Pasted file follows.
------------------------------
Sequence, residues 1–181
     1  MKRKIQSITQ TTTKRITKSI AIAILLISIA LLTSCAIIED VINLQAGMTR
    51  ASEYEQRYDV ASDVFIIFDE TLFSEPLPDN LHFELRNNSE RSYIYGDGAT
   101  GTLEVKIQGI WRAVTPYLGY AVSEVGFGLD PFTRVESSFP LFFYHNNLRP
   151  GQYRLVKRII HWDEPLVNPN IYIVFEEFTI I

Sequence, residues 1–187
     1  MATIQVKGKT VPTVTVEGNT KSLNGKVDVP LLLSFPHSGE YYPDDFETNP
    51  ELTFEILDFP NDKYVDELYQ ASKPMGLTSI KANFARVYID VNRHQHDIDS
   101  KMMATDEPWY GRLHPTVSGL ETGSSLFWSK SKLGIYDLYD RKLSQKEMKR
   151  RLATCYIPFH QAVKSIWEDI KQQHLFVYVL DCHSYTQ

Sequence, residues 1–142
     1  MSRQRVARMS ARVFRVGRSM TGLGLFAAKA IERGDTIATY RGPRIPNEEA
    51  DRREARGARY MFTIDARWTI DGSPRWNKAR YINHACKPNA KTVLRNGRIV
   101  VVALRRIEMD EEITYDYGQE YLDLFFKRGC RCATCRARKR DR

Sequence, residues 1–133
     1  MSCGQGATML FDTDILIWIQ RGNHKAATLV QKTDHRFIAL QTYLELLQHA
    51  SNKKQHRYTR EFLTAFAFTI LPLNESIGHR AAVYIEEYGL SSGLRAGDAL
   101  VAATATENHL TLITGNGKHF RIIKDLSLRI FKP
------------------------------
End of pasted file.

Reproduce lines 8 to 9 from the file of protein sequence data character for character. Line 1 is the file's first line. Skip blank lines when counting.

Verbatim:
    51  ELTFEILDFP NDKYVDELYQ ASKPMGLTSI KANFARVYID VNRHQHDIDS
   101  KMMATDEPWY GRLHPTVSGL ETGSSLFWSK SKLGIYDLYD RKLSQKEMKR